The structure 150 extends in a first direction (Y direction of FIG. 2). The structure 150 is longer than the insulating layer 160 in the first direction. In the example shown in FIG. 2, the structure 150 is formed so as to traverse the interconnect 116 or the interconnect 136. For this reason, the structure 150 has a portion that comes into contact with the substrate 100 and a portion that comes into contact with the interconnect 116 or the interconnect 136 on the lower surface thereof.

As shown in FIG. 3, in the vicinity of the portion in which the lower surface of the structure 150 comes into contact with the substrate 100, the coating film 140 comes into contact with the substrate 100 in a portion (second portion) of the substrate 100 which is located between the structure 150 and the terminal 112 and a portion (third portion) of the substrate 100 which is located between the structure 150 and the insulating layer 160. In a case where the coating film 140 is formed of an inorganic material, joining between the substrate 100 and the coating film 140 is configured as joining between inorganic materials, and thus is stronger than joining between the coating film 140 and the insulating layer 160.

Next, a method of manufacturing the light emitting apparatus 10 will be described. First, the first electrode 110 and the terminals 112 and 132 are formed on the substrate 100. The first electrode 110 and the terminals 112 and 132 are formed using, for example, the vapor deposition method or the sputtering method. Next, the insulating layer 160 is formed so as to cover the periphery of the first electrode 110 (see FIG. 2). Then, the organic layer 120 is formed on the first electrode 110. In addition, the structure 150 is formed.

Next, the second electrode 130 is formed, and the coating film 140 is further formed. The second electrode 130 is formed using, for example, the sputtering method or the vapor deposition method, and the coating film 140 is formed using, for example, the ALD method or the CVD method.

FIG. 4 is a cross-sectional view illustrating a method of forming a region which is not covered with the coating film 140, on the substrate 100. As described above, the coating film 140 does not cover the terminals 112 and 132. In order to achieve this, a region of the substrate 100 which has the terminals 112 and 132 formed therein is covered with a lift-off layer 200, for example, before the coating film 140 is formed. The lift-off layer 200 is formed of, for example, an organic material. The glass transition temperature or phase transition temperature (for example, melting point) of the lift-off layer 200 is lower than the glass transition temperature or phase transition temperature (for example, melting point) of the coating film 140. Meanwhile, it is preferable that the linear expansion coefficient of the material constituting the lift-off layer 200 is larger than the linear expansion coefficient of the material constituting the coating film 140.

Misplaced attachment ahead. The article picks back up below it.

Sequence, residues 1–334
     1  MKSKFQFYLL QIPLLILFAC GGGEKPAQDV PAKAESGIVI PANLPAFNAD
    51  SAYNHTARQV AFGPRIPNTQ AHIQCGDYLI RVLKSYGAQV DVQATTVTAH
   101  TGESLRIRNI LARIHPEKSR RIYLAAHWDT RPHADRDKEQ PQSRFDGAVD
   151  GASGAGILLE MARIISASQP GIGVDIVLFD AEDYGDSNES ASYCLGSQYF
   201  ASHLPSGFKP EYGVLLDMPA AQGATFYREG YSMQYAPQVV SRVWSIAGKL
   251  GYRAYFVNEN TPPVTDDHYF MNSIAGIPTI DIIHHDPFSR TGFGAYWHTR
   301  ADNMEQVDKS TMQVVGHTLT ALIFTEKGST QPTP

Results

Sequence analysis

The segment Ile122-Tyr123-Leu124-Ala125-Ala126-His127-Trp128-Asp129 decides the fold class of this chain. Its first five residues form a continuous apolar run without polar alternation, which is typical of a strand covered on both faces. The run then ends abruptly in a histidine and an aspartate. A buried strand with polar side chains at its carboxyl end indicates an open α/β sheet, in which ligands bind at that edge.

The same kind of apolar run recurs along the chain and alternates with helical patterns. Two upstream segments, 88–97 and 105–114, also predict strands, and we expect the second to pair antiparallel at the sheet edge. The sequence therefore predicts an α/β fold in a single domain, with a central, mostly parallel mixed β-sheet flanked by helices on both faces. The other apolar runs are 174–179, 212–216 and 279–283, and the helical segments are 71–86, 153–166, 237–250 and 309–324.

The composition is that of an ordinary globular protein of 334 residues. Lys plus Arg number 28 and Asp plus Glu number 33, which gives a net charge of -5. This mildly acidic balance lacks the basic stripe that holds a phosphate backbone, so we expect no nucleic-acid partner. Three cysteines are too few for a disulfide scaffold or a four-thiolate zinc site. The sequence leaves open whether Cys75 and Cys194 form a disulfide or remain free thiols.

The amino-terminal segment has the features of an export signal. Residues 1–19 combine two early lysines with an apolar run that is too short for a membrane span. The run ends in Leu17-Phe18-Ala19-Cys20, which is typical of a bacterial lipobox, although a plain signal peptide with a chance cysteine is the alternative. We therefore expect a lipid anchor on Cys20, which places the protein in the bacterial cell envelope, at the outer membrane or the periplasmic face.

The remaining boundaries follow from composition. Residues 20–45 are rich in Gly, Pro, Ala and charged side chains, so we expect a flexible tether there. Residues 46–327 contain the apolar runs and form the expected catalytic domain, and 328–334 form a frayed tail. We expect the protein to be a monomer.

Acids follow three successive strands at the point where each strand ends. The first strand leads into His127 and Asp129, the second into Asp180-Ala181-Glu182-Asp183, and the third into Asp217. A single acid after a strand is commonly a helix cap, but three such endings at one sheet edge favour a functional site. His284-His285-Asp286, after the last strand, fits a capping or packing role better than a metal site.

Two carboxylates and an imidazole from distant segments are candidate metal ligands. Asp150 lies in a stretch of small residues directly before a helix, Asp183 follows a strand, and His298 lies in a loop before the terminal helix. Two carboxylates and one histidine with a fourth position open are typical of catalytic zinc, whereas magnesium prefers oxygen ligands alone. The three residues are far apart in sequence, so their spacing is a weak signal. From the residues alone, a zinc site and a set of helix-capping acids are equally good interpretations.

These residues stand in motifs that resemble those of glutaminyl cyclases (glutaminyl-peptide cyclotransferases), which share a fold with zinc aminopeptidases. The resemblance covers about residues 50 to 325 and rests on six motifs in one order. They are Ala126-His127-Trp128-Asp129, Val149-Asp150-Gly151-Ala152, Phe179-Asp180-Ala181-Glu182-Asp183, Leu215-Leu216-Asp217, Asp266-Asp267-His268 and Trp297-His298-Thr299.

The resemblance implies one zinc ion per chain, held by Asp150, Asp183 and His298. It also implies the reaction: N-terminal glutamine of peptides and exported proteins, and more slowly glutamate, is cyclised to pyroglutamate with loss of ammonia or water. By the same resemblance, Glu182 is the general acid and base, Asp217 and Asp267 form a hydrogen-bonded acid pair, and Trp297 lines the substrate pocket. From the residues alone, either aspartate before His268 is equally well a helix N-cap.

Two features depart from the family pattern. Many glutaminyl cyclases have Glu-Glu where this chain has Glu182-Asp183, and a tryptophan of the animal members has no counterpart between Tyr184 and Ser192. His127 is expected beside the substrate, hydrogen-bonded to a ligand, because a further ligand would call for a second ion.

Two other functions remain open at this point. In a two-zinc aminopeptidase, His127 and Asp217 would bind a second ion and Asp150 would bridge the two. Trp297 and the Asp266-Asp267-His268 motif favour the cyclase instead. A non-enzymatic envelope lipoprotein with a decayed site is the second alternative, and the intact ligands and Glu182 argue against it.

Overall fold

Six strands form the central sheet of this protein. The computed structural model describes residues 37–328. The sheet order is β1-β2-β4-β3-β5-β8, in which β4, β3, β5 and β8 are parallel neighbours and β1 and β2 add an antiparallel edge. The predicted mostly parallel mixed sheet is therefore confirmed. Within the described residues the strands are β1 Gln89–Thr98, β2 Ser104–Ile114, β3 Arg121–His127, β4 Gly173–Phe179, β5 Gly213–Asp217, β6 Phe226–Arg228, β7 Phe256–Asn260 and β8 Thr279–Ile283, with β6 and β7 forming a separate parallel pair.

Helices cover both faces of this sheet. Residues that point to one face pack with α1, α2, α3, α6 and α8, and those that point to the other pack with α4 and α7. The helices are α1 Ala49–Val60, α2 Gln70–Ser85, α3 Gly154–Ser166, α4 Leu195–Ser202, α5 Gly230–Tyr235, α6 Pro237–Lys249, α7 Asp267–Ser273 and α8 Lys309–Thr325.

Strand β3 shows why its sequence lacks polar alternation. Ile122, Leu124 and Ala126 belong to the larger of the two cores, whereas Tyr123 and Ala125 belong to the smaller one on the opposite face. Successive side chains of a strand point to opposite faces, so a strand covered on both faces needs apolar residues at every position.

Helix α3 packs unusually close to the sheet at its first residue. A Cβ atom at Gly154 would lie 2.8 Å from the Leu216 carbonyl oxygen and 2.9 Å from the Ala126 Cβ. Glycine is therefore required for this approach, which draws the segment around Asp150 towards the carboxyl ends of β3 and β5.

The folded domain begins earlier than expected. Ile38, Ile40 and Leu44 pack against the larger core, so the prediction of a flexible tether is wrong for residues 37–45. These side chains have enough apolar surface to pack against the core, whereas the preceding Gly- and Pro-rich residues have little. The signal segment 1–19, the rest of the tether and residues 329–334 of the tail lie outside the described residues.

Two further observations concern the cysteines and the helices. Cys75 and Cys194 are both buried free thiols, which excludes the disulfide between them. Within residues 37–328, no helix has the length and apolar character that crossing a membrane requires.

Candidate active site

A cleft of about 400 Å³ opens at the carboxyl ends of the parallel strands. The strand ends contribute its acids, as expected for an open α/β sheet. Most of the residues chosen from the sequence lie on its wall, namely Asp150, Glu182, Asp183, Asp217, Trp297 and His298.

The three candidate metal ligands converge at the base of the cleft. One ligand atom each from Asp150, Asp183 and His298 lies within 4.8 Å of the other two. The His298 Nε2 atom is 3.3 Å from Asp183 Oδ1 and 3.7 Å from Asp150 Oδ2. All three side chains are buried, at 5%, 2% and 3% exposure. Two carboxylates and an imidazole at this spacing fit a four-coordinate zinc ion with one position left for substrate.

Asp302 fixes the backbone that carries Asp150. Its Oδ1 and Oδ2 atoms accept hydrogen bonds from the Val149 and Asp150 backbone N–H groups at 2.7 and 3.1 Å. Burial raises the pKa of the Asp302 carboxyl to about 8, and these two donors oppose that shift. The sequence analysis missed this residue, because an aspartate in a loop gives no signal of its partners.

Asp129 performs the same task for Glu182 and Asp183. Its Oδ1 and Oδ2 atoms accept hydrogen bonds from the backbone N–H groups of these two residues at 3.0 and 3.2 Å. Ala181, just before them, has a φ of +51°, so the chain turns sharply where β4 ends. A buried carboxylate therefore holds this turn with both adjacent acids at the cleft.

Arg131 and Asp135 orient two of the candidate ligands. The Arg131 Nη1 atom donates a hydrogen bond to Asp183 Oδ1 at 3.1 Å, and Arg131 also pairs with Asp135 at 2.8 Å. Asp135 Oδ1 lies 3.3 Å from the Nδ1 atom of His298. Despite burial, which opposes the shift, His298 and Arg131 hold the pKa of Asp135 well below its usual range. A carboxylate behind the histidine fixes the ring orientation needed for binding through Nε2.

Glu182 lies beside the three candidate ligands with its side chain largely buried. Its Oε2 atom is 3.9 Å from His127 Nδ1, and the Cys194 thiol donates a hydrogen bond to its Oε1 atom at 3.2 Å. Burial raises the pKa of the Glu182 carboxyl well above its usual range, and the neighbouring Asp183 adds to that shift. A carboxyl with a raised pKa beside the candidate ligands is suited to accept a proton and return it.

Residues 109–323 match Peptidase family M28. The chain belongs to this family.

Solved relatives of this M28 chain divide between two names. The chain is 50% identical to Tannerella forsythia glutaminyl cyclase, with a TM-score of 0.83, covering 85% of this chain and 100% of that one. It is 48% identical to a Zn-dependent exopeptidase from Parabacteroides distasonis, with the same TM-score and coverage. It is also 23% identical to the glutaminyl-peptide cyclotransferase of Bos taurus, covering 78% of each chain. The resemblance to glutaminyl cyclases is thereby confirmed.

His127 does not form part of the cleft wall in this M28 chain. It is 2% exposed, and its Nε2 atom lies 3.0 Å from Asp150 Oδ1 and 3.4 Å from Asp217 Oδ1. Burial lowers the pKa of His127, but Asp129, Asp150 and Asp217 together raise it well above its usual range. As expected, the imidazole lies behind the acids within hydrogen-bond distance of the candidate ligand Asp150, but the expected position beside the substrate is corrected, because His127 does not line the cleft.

After the coating film 140 is formed, the substrate 100 is heated and cooled. At this time, a crack is generated in a portion of the coating film 140 which is located above the lift-off layer 200. When the vicinities of the terminal 112 and the terminal 132 are cleaned by a solution for dissolving the lift-off layer 200, this solution comes into contact with the lift-off layer 200 through the crack generated in the coating film 140, and the lift-off layer 200 is removed. In this case, an upper portion of the lift-off layer 200 is removed.

A crack may be generated in the end portion of the coating film 140. Such a crack is generated, for example, in the aforementioned process of removing the lift-off layer 200, or when an anisotropic conductive film, or a conductive member such as a lead terminal or a bonding wire is connected to the terminals 112 and 132. When a crack is generated in the end portion of the coating film 140, the crack progresses toward the light emitting element 102. On the other hand, in the present embodiment, the structure 150 is formed between the insulating layer 160 and a region of the substrate 100 in which the coating film 140 is not formed. The structure 150 extends in the first direction (Y direction of FIG. 2), and thus the progressing direction of the crack in a second direction (X direction of FIG. 2) intersecting the first direction is changed to the first direction. Therefore, it is possible to prevent the crack generated in the coating film 140 from progressing to the light emitting element 102. Thereby, it is possible to prevent gas (for example, oxygen) or moisture deteriorating the light emitting element from reaching the light emitting element.